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Testing the relative roles of competition and plant-soil feedback in explaining commonness and rarity of alien and native plant species

Testing the relative roles of competition and plant-soil feedback in explaining commonness and rarity of alien and native plant species

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MÜLLER, Gregor Simon, 2017. Testing the relative roles of competition and plant-soil feedback in explaining commonness and rarity of alien and native plant species

@phdthesis{Muller2017Testi-39902, title={Testing the relative roles of competition and plant-soil feedback in explaining commonness and rarity of alien and native plant species}, year={2017}, author={Müller, Gregor Simon}, address={Konstanz}, school={Universität Konstanz} }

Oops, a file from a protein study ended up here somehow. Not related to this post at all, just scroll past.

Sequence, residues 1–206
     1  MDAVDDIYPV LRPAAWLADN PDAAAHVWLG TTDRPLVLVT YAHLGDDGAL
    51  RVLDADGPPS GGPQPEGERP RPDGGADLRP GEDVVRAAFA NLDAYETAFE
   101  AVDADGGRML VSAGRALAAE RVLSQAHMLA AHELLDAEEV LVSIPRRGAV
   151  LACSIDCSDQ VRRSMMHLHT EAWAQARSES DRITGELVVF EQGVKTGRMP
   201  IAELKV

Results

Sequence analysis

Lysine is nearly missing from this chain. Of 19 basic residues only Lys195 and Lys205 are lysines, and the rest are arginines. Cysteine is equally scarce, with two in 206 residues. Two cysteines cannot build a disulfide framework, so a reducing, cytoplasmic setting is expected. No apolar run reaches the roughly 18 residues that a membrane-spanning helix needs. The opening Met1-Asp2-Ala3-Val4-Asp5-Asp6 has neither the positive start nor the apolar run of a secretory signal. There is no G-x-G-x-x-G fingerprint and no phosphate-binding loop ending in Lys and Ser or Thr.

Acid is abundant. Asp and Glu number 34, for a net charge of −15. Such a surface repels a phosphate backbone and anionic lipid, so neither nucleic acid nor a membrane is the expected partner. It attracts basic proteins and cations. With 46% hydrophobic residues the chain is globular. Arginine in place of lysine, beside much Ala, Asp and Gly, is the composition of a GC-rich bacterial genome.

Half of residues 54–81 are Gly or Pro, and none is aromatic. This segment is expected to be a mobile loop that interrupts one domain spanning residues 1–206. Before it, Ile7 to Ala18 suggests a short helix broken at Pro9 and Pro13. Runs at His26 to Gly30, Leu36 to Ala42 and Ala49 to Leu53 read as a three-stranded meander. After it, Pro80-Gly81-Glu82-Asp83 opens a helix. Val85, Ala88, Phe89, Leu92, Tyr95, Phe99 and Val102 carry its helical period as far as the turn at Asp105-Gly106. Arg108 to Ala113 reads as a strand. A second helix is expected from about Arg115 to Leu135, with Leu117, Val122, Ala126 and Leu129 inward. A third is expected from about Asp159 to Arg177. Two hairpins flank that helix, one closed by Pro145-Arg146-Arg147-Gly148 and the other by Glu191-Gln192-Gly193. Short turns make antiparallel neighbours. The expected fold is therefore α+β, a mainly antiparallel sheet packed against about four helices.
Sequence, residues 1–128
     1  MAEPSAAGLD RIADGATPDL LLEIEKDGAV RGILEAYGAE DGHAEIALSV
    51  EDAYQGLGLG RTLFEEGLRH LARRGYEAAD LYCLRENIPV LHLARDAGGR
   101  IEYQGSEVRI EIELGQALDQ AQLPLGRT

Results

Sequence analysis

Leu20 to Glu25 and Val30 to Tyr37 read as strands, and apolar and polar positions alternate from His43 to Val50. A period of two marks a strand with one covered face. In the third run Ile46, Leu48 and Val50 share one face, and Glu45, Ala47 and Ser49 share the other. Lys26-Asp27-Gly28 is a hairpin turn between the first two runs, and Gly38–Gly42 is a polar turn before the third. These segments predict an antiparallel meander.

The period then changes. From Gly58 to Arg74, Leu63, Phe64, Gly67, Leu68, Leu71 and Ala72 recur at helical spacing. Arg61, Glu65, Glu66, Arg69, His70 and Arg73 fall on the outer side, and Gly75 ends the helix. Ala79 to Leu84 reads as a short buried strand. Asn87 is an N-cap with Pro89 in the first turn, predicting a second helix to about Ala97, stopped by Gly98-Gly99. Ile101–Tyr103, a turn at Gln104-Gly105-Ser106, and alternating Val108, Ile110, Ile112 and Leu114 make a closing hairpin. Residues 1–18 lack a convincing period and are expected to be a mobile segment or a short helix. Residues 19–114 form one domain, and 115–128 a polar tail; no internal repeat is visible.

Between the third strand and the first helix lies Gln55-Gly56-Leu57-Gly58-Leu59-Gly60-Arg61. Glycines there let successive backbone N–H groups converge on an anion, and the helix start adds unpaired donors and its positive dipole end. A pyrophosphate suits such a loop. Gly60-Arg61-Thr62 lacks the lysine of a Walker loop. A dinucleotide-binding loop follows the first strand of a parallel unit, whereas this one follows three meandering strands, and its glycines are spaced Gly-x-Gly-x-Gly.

2017-08-17T12:22:48Z Müller, Gregor Simon Why some species become common while others remain rare is a long-standing question in ecology. Yet, it has not lost any of its relevance. Particularly, the striking success of some invasive alien species has fuelled research interest in what drives such invasions. Understanding the underlying mechanisms that allow a species to become common is an important prerequisite to be able to predict and manage such phenomena. However, the success of some alien species may be driven by the same factors that help some native species achieve and maintain a wide distribution and high abundance.<br />Plant-soil interactions have been put forward as a potential mechanism that could explain why some species become common, while others remain rare. A growing number of studies acknowledge the role of plant-soil interactions in species performance, yet many questions remain unanswered. For example, competition may also play a role in explaining species success, and both factors may not act independently but work in concert to govern species performance. Moreover, the importance of plant-soil interactions relative to ecological factors like herbivores or disturbance has received little attention. Lastly, the question of whether alien and native species are similarly affected by these factors or if, for example, only common alien species generally profit from less negative plant-soil interactions (e.g. due belowground enemy release) is not fully clarified.<br />First, to disentangle the relative roles that plant-soil feedback and intraspecific competition play in plant performance, we conducted a multispecies greenhouse experiment with 30 common and rare alien and native plant species. We used a two-phase setup to first train the soils at increasing intraspecific frequency and then regrow the target species at increasing frequencies in these trained soils. Our results showed that increasing levels of intraspecific competition decreased plant performance regardless of species origin or commonness. Moreover, alien species suffered from negative plant-soil feedback in soils trained by high conspecific planting levels, but natives did not. This suggests that alien species may not generally be released from belowground enemies. Furthermore, species commonness does not seem to be linked to differences in plant-soil interactions or magnitude of intraspecific competition.<br />Second, we tested the roles of plant-soil feedback and competition on species population-level performance in a two-year mesocosm study with annual two-species communities grown at high and low sowing frequency and treated with or without fungicide. We found that alien and native species similarly profited from fungicide treatment and that alien species, but not natives, showed a higher per capita performance at low sowing frequencies. This highlights the role that generalist pathogens may play affecting natives as well as aliens. Furthermore, aliens may profit from high per capita performance at initial establishment.<br />Lastly, we performed a field experiment testing how disturbance and above and belowground enemies influence species establishment success. We found a strong positive effect of disturbance on establishment success regardless of species origin or commonness, and only weak effects of belowground enemy release for alien species. Thus, we found strong evidence for biotic resistance of grassland towards incoming species, and only a minor mediatory role for soil-borne enemies in combination with disturbance for establishment success of alien species.<br />In summary, my studies show that alien species may not always be released from belowground enemies, and that species commonness is not generally linked to plant-soil interactions or intraspecific competition. Moreover, assessing the relative role of plantsoil interactions under realistic conditions is crucial for gaining insight into when and under what circumstances plant-soil interactions are important for species performance. 2017-08-17T12:22:48Z Müller, Gregor Simon eng 2017 Testing the relative roles of competition and plant-soil feedback in explaining commonness and rarity of alien and native plant species

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